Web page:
Albertatata Wed 05-Nov-14 07:22:52

Hole I love my son unconditionally

TwentyTinyToes Wed 05-Nov-14 07:53:21

Of course you do. That is obvious from your posting. 3 and 1 is really hard work, mine are almost 4 and 2 and it us becoming easier.

What you need is strategies to help you cope, but also an expectation that sometimes it will be hell but that it will pass. So this helps me;
-Keep everyone as well rested and well fed as possible.
-Go out a lot, I find my life is much easier when out plus we don't make a mess in the house.
-Lots of physical activity to tire them out.
-Imagine you are being watched or filmed when dealing with challenging behaviour, if I feel myself losing it I try to walk away and distance myself for a few moments.
-When faced with moaning and general misery from either I sometimes scoop them up and kiss them, tell them I love them or do something outrageous like put music on and dance or suddenly start singing. Sometimes this will snap them out of it.
-Try to spend quality 1.1 time with DS1, this will help immensely. Also look up love bombing.
-Build treats into the day for yourself, whether it be biscuits, bath at the end of the day or a coffee in a cafe whilst they eat biscuits.

TwentyTinyToes Wed 05-Nov-14 08:04:57

Also, I think the point mentioned up thread about how they feed off your mood is very true. I try really hard to be aware of this and I know when DS1 is being particularly difficult often by changing my response I can alter his behaviour radically. This is thoroughly exhausting especially when you are tired but it really can make a difference. Just ignoring much of the bad whilst being relentlessly upbeat and praising any good behaviour (however fleeting) can help.

HSMMaCM Wed 05-Nov-14 08:21:38

I agree with what the poster said about pushing boundaries. When children push boundaries, they want to know they will stay there, because they feel insecure if they move.

Focus on every little thing he does right and give him ridiculous amounts of praise for it.

If you don't want to give him thinking time / time out, then give yourself some. Just leave the room for a couple of minutes and breathe.

Remember children are supposed to explore their emotions and anger is one of them.

You are doing a fab job continuing to take both children out to explore their world. Well done.

Bumpsadaisie Wed 05-Nov-14 11:36:48

I have been thinking a lot about how hard mothering children is.

I work three days a week and since school went back in September to half term just gone, I realise I was, emotionally, focussing a lot on my job, and sort of "fitting in" the mothering around it, "on the days I wasn't working". Of course I still did everything I normally do but I wasn't trying to consciously step up and do a good job of mothering the kids, I felt my job was my professional job that I do three days a week and which is challenging in itself. It wasn't a conscious decision but just that work was busy and I was tired and drifting, plus DH had a lot of problems with his work that were very stressful.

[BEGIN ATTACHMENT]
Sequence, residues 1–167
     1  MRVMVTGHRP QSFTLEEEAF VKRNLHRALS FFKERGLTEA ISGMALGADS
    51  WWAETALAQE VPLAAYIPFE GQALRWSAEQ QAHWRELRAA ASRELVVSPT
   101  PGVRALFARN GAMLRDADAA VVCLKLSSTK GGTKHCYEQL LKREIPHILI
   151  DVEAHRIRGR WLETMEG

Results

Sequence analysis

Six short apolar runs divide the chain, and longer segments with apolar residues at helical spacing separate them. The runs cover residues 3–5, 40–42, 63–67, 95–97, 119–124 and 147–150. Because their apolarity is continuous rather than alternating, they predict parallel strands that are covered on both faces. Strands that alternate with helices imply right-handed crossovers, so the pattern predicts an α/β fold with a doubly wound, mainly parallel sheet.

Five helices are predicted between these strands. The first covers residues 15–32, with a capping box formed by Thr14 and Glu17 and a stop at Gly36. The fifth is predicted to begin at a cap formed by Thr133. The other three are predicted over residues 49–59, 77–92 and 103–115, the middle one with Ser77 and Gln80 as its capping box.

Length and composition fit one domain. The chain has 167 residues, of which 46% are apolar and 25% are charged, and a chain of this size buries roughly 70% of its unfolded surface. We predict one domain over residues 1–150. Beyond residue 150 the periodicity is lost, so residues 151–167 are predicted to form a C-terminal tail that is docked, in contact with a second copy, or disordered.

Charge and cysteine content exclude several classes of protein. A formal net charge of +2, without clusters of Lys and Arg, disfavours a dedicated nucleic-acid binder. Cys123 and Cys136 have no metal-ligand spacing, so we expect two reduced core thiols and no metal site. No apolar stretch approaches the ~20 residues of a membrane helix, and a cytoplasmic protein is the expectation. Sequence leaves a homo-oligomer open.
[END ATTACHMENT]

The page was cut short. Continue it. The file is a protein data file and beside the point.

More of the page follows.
We were getting later and later for school, tempers were frayed and the kids started playing up. We went on holiday at half term and my three year old was difficult and I found myself being really impatient with him and having unreasonable expectations (of course he was nervous about sleeping in a strange house. He is just turned three!). I was grumpy for the whole holiday and in the end DH and I had a big row about my moodiness.

He had a point and since we got back I have spent 10 days trying to mother the children in a more conscious and mindful way, trying to keep calm, to get up early enough that they have enough time to get ready without me losing it, trying to remember at all times that the kids are 5 and 3 and to see myself as the commander of a little army of troops, for whose moral and welfare I am responsible.

Can't quite describe it but the last ten days have been different and we have turned a corner. I have to work bloody hard but I feel on the ball and adult and in control, and the kids are easier now they can feel I am the leader.

Its hard though. No doubt things will slide again as we all get tireder towards xmas but it has been a real lesson to me to remember to treat mothering the children as a role and job I have to live up to rather than just letting it drift into a spiral.

It might not be relevant to the OP but I wonder whether your three year old needs you to kind of put on the platoon commanders uniform a bit and take charge. I might be misreading it but in your post I got a sense of you being ground down by him (and no wonder, you have got a lot on with the baby too), him starting to be able dictate what happens and expressing his anxieties in bad behaviour which then makes you anxious and on the back foot. I know the feeling very well from my own boy.